By Michael E. Miller
By Ryan Yousefi
By Kyle Munzenrieder
By Sabrina Rodriguez
By Michael E. Miller
By Carlos Suarez De Jesus
By Luther Campbell
By Kyle Munzenrieder
It's not a savory business, these appetites of America, but we're staying comfortably satiated for the off-season, in for the long feckless haul. An art-sort-of-mirrors-life number coming up on Ocean Drive, the great Robin Williams materializing for the production of the drag farce Birds of a Feather just down the block from the Lucky Cheng's opening. Handily enough, the symmetry of it all -- along with the continuing de-evolution of risque cross-dressing into just another mainstream marketing tool -- adding a certain allure to another night, another opening. Lucky Cheng's coming to town with all due heraldry, the New York headquarters -- situated in a former gay bathhouse deep in the bowels of downtown -- having something of a cult stature. Somehow, this being Ocean Drive, a tourist strip in a town where drag queens are as prevalent as cats, the idea of cross-dressing waitresses and lip-synched cabaret shows amid conceptual chinoiserie loses something in the translation.
Aside from regional questions of hip, the opening of the Miami transplant featuring welcome new talent from Manhattan -- Onyx, Sugarbaby, et al. A and the locally beloved queens, being saucy and sassy in the manner of truck-stop sweethearts: "Whatever melts your butter, honey...." All the usual jitters and madness on hand as well: neophyte waiters, cheap hurts and status rebukes, the whiny buzz of irate mosquitoes. In between spreading our own peculiar brand of beatitude -- lighten up, we're not at Lutäce -- and trolling for sound bites ("Vanilla Ice can defrost my freezer any time") and column items, the wellspring of a twisted existence.
A true scholar of district hype, falling prey to the well-deserved buzz surrounding Lucky Cheng owner Hayne Jason, the stories of her early days in the Area/Palladium era making nightlife amateurs, by excruciating contrast, seem hopelessly mundane. Jason, a well-bred New Orleans native and new mother, starting off life as an uptown lawyer in New York: "Nixon used to work there. I hated it so much that I started wearing resort wear to the office and not doing anything, hoping they'd fire me. It took them forever." Naturally, a career change being called for, Jason renovating the bathhouse ("We found all these artifacts, huge rubber dildos and everything A it would have made a great museum") and going on to lucky fame and fortune. As with all the club pros, the where-have-all-the-good-times-gone epoch gradually settling in: "Club kids are still great to look at, but there's just not the same creativity around any more. Lately I haven't been going out all that much."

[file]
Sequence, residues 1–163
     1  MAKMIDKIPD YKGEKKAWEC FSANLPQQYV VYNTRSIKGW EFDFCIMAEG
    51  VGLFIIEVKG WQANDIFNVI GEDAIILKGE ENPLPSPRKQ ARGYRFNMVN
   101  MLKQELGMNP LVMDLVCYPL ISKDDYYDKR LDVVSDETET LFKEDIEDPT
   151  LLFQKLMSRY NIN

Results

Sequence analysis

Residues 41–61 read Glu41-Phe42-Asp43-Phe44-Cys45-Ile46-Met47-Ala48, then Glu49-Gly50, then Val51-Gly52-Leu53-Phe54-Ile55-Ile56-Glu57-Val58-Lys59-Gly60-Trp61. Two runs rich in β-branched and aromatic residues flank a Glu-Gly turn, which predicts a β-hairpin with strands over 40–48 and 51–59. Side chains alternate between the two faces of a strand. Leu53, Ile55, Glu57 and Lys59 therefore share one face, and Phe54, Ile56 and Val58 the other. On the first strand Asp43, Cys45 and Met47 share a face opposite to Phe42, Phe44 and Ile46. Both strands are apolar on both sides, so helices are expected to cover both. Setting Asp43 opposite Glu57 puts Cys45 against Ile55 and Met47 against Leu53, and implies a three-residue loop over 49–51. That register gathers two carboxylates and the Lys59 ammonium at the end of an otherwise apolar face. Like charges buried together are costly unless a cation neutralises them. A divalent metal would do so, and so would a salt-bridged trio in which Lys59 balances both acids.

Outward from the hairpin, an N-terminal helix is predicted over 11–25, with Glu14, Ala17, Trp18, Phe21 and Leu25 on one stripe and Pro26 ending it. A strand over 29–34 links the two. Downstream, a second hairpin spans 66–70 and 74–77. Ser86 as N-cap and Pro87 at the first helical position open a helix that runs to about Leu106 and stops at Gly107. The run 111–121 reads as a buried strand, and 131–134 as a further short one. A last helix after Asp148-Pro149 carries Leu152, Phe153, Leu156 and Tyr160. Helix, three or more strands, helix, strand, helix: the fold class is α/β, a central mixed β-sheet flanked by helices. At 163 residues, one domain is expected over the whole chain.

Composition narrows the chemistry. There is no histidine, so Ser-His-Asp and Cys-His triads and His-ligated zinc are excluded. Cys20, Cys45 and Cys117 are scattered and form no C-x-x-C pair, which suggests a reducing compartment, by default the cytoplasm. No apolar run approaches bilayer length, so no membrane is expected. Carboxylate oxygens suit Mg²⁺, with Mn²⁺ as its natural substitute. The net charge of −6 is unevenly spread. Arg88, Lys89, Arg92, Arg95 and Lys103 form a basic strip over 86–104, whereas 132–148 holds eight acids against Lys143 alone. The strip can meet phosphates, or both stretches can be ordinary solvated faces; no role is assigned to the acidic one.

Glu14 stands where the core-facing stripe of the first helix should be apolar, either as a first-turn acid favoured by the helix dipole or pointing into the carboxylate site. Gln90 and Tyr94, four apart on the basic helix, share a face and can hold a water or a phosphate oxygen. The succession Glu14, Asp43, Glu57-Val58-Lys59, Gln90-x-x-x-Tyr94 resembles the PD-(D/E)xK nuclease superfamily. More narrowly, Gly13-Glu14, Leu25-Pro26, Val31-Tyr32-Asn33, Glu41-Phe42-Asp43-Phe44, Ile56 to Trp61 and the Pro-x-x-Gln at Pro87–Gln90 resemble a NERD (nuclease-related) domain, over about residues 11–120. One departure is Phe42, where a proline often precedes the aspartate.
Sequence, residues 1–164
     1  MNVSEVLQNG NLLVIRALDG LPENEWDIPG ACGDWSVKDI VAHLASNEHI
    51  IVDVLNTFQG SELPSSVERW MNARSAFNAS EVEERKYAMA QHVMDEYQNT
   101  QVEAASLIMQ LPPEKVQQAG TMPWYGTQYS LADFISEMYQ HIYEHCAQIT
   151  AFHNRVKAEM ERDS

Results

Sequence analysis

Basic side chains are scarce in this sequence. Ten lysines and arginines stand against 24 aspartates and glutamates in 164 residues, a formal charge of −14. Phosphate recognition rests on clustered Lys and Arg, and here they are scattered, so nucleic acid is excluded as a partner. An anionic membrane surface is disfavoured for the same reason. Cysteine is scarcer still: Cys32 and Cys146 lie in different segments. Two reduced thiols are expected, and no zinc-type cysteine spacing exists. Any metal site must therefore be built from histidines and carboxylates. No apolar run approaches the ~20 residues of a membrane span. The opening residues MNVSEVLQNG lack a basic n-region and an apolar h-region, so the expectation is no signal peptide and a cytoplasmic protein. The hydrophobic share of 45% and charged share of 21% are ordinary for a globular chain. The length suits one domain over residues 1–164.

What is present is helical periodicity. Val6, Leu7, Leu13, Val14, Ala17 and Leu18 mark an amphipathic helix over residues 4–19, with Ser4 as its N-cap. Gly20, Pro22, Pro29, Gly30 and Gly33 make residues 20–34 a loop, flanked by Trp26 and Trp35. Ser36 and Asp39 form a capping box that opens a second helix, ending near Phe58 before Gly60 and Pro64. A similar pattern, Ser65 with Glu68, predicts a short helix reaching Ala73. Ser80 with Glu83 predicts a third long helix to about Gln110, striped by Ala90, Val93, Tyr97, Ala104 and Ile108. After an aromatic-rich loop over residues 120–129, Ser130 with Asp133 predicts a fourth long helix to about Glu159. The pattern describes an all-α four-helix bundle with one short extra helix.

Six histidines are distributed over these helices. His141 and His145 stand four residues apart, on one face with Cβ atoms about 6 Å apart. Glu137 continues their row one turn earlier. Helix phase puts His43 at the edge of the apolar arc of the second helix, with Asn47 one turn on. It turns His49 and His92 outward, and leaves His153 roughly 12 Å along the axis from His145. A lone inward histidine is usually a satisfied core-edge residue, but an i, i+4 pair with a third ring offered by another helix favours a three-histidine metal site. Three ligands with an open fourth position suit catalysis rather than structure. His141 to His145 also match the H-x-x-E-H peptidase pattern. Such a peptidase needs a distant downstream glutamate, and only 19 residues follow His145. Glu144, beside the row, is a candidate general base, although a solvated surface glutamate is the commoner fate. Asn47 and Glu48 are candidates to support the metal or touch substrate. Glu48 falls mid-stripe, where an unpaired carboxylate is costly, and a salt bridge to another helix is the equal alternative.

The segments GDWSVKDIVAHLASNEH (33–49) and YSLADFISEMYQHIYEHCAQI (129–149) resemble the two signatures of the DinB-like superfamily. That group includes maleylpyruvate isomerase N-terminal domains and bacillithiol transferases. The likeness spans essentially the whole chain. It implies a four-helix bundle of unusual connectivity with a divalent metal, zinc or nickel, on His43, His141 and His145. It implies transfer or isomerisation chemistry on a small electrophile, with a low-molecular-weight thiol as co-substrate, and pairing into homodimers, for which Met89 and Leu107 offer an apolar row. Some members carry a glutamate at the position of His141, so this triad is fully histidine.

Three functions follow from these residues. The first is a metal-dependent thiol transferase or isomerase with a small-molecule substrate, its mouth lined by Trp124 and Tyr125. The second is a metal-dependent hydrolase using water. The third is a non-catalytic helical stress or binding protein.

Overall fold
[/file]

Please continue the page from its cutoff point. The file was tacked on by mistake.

Like most people who constantly inflict themselves on the populace, we're vaguely embarrassed by coarsened hungers, the quest for novelty turning ever more Nonfab, more NonArea, steadily diminishing returns in the deluge. In tow with an ex-veteran of ballroom society, making a pointless search for some Oriental-theme bash later that night, the refugee from a good family ignoring the obvious: We'd just been to the party in question, and when you stalk the district every night, the chic of slumming enters another realm entirely. On to ice cream at the Frieze, a sure-fire cure for anomie, our favorite fountain jockey pointing out our evident evil, the numbers 666 immediately rolling up on the cash register. From there, ring on the weekend: missing the Loco Mia opening -- turned away for the grievous dress code violation of shorts and flip-flops -- and the Isadora Duncan Dance Ensemble at Les Deux Fontaines, dedicated to the dance legend/party girl who had the good sense to go out in style. And then it's an ordinary Saturday night on South Beach, akin to dying and going straight to Hell, without mercy or hope of judicial appeal.
Everywhere at once the clubs bracing for the war zone of market saturation, duking it out for your entertainment dollar and chafing under any kind of civic restraint. Ideally they'd like to be round-the-clock convenience stores with lax policies on drugs, flagrant sexuality, and loitering. What with off-duty cops having worked officially illegal after-hours parties, an inevitable crackdown taking effect, the carnival tightening up. An outlaw gathering at Union Bar busted, the reprobates simply moving a few doors down to Niva. Kiddie raves, Ecstasy-ridden if alcohol-free, going from Warsaw to Diamante to Paragon. The new policies of pressure dictating a little more common sense than usual, business: the vox populi demands constant debauchery, even at eleven in the morning.